Introduction of Allergenic Foods to Infants
Many are not aware that the American Academy of Pediatrics (AAP) recommendation to delay introduction of allergenic foods to infants and toddlers changed in 2008 from the prior guideline issued in 2000. Because the AAP determined there was no convincing evidence for delaying the introduction of allergenic, they reversed their recommendation but no specific advice on how to go about introducing these foods was given to parents or pediatricians. In 2015 a landmark trial called LEAP, Learning Early About Peanut Allergy was published. In this trial, infants at high risk for developing peanut allergy were introduced to peanut products starting between 4-11 months of age and the “treated” group had an 80% relative risk reduction in developing peanut allergy vs those infants who actively avoided introduction in the first 5 years of life. This information could very well reverse the peanut allergy epidemic that has emerged in the past 20+ years and led to dozens more studies on early feeding of other allergenic foods. One study in particular, EAT, looked at introduction of peanut, egg, cow’s milk, sesame, fish and wheat simultaneously in the first year of life and the results favored early introduction. Links to the LEAP and EAT trial published in the New England Journal of Medicine are listed below.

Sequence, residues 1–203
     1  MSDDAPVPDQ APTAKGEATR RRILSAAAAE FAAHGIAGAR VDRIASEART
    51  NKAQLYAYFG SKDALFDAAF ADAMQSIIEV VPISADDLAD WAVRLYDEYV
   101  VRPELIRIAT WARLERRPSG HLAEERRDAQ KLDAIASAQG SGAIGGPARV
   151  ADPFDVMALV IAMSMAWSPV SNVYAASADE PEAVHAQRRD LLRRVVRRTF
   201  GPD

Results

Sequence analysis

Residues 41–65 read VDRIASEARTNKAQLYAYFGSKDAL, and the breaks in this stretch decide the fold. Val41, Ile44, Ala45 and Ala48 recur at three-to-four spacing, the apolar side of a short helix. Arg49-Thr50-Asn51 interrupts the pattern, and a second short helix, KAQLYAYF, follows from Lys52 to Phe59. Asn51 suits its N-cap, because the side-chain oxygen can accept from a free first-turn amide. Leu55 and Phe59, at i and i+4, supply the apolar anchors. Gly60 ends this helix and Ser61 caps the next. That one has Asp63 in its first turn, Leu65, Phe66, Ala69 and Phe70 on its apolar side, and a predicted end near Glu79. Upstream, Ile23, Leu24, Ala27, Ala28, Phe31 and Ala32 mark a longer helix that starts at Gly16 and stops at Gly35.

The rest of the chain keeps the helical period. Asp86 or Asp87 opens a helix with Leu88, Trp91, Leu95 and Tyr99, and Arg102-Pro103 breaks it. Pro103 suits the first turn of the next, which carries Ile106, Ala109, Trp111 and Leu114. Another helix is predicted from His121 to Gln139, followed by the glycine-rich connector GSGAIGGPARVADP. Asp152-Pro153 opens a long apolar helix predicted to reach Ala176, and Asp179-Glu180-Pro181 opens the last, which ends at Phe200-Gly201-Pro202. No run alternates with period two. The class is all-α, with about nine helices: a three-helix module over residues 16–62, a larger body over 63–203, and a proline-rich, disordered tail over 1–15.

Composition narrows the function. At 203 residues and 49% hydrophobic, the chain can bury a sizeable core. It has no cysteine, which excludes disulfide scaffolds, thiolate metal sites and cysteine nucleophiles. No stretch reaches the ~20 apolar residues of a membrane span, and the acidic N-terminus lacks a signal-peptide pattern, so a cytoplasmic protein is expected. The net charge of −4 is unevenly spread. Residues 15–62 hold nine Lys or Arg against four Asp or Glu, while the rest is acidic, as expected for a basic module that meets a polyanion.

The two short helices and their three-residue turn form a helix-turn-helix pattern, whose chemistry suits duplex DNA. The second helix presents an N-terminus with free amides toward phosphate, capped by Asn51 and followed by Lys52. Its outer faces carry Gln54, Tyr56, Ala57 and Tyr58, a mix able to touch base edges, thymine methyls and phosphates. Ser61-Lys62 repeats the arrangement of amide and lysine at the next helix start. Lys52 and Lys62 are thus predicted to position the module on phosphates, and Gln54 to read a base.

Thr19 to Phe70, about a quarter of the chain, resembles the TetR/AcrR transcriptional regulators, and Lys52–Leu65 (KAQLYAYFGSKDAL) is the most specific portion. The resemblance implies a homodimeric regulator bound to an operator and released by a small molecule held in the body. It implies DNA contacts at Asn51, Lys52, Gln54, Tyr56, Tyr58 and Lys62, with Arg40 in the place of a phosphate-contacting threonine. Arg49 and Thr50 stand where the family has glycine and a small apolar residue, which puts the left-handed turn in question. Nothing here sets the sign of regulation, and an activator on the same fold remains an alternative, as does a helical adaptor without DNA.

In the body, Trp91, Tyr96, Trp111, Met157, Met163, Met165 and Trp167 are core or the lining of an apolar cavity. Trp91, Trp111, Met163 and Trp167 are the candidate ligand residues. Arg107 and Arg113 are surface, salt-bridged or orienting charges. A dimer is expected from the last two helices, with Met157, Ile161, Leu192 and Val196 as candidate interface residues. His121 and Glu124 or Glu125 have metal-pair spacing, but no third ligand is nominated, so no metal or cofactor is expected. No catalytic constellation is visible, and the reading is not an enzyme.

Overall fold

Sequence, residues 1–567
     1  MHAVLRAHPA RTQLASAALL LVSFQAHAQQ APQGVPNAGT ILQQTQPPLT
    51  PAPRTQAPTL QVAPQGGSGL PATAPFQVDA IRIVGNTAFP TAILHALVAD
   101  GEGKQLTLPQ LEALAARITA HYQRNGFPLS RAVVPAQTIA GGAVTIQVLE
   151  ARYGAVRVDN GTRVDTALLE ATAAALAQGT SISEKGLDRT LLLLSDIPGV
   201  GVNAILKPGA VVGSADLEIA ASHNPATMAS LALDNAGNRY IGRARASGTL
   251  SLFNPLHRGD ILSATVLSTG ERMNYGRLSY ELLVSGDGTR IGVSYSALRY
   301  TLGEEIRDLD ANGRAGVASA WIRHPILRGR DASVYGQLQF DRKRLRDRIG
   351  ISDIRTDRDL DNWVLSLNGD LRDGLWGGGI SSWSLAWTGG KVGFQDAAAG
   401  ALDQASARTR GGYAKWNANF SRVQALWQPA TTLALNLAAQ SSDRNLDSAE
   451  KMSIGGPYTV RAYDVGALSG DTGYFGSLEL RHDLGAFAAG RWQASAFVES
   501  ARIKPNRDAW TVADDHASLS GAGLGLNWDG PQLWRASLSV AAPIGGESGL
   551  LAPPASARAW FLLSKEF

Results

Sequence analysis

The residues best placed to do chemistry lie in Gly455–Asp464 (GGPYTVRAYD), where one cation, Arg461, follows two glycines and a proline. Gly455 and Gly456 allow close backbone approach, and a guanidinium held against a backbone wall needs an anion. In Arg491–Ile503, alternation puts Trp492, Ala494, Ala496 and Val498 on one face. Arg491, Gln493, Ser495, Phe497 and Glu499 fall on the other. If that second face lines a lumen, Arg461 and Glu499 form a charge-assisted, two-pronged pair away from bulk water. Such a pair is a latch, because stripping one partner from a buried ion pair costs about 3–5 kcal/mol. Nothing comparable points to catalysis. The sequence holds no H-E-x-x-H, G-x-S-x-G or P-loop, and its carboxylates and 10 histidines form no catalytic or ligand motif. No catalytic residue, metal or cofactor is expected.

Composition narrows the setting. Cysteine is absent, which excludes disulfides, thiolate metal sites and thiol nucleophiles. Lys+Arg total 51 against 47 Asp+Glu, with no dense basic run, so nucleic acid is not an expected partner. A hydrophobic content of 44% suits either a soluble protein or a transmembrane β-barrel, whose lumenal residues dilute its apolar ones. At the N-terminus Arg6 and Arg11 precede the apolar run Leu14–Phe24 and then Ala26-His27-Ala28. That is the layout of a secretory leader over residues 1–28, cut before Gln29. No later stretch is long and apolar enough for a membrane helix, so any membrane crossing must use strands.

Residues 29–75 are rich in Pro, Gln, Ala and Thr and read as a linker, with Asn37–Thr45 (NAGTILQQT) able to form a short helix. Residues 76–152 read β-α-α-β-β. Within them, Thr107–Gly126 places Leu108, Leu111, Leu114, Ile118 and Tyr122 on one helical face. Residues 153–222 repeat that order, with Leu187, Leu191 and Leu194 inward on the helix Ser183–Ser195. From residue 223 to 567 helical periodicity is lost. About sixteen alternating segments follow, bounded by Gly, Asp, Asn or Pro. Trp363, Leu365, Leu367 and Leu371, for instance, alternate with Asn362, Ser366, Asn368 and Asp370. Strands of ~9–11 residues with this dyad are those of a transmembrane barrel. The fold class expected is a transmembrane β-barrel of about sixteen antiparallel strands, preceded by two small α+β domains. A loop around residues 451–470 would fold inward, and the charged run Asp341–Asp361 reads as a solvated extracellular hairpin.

So, now that we know that “early and often” is the name of the game when it comes to feeding babies these foods, how are parents supposed to go about this? There are a variety of approaches and I prefer to discuss these in person with parents but short of that, I recommend the Inspired Start line of fruit/allergenic food pouches as an easy and practical option. They have an Apple/Peanut, Pear/Egg, Banana/Tree Nut, Mango/Soy, Apple/Wheat, Pear/Sesame, Banana/Shrimp, Mango/Cod. The only pouch that contains more than 1 allergen is the Tree nut with walnut, cashew and almond. In the LEAP trial parents were given the option to feed their infants Bamba (an easily dissolving corn-based snack with peanut powder) or smooth/honey-free peanut butter watered down with water, breastmilk or formula. The dose used in the trial was 1 teaspoon three times a week. Because other dosing regimens where not studied, it is not known if more or less or a different feeding frequency would also work. The general idea is that there is a “grace period” in the immune system during the first year of life such that introduction of these foods early and often during the first year is more likely to result in tolerance than allergy. Once infants are ready to start eating baby foods between 4-6 months of age, these allergenic foods can be introduced one by one and then rotated, “early and often” so the immune system is used to seeing these allergens and not reacting to them. If your baby has severe eczema or already has a food allergy, it is best to consult your Allergist or Pediatrician for specific advice.